The screen goes dark and then lights up in pale blue with the line drawing of Totoro. The audience spontaneously erupts in cheers and clapping. Welcome to a screening of a Studio Ghibli movie. This occurs at every screening I’ve been to in the past few years. The anticipation of joy shines out from the grins of an eager crowd.
Animation enthusiasts are divided between those who love Miyazaki and those who don’t. Among those who love Miyazaki, there are those who also love Takahata and those who stay away from his dark world. I tend to fall among the latter. Isao Takahata has brought to us some of the most depressing, nihilistic movies ever animated. “Only Yesterday” is the opposite. Isao, all is forgiven.
“Only Yesterday” ranks among the best anime I’ve ever seen, and is unlike any previous Takahata movie. The movie juxtaposes mid-1960s Japan and an undefined early 1980s. The main character, 27 year old Taeko, sublimely voiced by Daisy Ridley, reflects on her past and her future. The animation of the present at times borders on photo realism. It is more Miyazaki-like in its lushness and detail. Taeko spends much of the movie remembering her 10-year-old self. The memories are softer focus and fuzzier, much the way that memories arein our minds. The visuals of “Only Yesterday” mesmerize in that way that only Studio Ghibli movies can.
Where is your place in the world? Taeko struggles with this as a school girl, and finds her in the same place again at 27. The movie takes us with Taeko from urban Tokyo to the rural farmland as she takes a working vacation to sort things out. An unlikely romance slowly blossoms between Taeko and Toshio, a younger farmer, voiced by Dev Patel with an unexplained British accent. “Slowly” may be an understatement. This is not a romance movie, but a reflection on how we choose to live our lives: listening to the wisdom of elders, and letting go of the pain of the past. The acceptance or rejection of Toshio is a part of this process, and Taeko is in no hurry to rush into the arms of a handsome suitor.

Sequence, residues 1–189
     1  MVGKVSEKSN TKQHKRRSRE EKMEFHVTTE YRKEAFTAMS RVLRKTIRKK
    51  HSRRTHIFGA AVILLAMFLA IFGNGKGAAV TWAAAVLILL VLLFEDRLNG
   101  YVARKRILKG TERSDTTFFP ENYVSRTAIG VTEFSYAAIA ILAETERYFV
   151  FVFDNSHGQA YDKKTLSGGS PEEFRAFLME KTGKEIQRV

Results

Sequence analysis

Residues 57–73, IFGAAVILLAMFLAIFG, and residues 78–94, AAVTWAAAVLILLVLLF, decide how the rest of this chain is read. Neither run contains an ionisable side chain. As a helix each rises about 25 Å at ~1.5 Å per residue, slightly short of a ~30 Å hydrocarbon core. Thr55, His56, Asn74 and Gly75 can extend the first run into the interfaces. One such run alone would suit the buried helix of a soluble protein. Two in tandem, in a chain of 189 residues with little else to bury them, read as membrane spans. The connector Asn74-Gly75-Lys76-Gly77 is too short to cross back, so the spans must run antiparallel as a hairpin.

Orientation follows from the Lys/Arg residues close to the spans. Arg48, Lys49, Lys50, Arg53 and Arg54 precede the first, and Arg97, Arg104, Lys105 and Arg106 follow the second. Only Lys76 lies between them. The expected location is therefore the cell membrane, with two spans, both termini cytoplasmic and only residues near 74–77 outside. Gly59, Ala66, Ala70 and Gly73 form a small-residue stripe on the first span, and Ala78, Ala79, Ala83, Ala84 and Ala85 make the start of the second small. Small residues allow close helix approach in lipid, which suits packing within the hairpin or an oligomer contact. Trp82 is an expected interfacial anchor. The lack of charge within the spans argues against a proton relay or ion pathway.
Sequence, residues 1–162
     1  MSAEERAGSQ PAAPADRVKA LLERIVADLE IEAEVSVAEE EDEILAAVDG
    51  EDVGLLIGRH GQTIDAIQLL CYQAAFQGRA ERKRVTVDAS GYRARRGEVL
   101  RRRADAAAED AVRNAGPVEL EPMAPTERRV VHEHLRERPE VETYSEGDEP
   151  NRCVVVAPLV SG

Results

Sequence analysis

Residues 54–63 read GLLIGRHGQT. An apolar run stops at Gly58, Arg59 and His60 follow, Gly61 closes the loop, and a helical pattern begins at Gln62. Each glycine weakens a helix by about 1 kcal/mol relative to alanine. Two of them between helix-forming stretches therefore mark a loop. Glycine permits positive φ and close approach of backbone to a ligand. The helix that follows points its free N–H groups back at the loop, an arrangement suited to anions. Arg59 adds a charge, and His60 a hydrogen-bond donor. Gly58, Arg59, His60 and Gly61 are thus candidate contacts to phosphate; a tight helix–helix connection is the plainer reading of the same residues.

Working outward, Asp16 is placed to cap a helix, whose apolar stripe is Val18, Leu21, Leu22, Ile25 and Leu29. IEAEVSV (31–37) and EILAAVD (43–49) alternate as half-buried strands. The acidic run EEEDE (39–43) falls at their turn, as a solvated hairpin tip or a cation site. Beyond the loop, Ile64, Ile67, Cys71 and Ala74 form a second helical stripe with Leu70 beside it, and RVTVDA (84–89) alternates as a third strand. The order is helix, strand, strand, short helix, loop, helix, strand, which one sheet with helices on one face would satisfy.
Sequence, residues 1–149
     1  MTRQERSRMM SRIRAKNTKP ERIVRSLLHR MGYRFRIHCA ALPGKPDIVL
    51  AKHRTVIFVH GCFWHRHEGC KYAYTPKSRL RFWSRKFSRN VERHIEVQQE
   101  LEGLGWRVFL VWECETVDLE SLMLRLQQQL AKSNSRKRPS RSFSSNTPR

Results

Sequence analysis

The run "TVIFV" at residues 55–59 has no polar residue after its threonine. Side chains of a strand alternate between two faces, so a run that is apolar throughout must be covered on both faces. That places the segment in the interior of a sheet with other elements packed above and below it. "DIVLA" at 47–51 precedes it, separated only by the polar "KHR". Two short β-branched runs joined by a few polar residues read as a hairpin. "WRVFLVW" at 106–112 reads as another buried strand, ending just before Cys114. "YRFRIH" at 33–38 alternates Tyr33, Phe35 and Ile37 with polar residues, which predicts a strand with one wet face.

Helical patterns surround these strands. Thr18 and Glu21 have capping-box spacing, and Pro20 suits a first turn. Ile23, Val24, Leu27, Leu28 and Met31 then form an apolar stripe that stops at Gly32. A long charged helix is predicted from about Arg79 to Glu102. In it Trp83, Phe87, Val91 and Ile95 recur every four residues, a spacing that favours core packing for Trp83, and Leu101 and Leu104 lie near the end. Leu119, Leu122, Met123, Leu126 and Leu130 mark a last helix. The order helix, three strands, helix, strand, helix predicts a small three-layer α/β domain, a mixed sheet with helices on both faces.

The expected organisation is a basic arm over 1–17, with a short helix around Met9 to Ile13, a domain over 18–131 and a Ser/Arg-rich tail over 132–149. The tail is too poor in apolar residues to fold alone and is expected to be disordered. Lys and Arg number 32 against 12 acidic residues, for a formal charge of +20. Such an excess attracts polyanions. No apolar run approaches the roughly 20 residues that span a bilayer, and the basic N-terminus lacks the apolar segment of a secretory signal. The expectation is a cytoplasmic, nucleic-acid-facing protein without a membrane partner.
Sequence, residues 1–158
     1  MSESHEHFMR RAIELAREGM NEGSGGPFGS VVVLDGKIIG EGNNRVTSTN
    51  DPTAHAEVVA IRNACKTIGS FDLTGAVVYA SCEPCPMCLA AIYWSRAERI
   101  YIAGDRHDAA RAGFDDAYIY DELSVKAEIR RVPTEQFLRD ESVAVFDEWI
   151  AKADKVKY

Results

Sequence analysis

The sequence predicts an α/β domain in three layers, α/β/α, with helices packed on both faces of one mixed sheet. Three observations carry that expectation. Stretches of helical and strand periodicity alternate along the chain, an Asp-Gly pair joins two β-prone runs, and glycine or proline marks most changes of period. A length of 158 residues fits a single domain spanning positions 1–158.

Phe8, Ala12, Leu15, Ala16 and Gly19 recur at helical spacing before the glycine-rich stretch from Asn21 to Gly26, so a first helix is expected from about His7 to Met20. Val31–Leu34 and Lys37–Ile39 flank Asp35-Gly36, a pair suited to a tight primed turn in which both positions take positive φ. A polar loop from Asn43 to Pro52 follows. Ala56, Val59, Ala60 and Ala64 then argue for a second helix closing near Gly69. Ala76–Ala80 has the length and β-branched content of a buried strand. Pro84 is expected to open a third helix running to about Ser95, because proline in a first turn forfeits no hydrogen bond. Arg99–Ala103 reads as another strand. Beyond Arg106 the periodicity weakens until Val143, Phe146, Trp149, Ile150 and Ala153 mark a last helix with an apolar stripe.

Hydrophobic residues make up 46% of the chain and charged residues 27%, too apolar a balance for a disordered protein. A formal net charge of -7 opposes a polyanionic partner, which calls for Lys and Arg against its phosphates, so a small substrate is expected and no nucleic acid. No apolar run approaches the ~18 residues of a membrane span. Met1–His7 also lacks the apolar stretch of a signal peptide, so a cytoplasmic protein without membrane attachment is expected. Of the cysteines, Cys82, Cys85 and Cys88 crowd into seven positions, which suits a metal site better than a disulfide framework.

I don’t want to give away too much of the movie. You have to sit and be absorbed by it. In the best Ghibli fashion, “Only Yesterday” will transport you into another world. The movie doesn’t end at the beginning of the credits. In fact, I found myself quietly cursing that Takahata’s dark view had prevailed again. But stay in your seats, as Isao discovers his inner Miyazaki, and brings a wonderful resolution to the tale.
“Only Yesterday” is not a new movie. Only the voice acting is brand-new. The movie came out in Japan in 1991. Disney had the rights to release, but chose not to. The movie is a bit blunt in dealing with the beginning of menstruation and the awkwardness in school between girls and boys that this brings. Regardless, we are now rewarded with the pleasure of this masterpiece thanks to GKids. This movie deserves to be seen on the big screen. Be kind to yourself: run to the theater and see this before it disappears.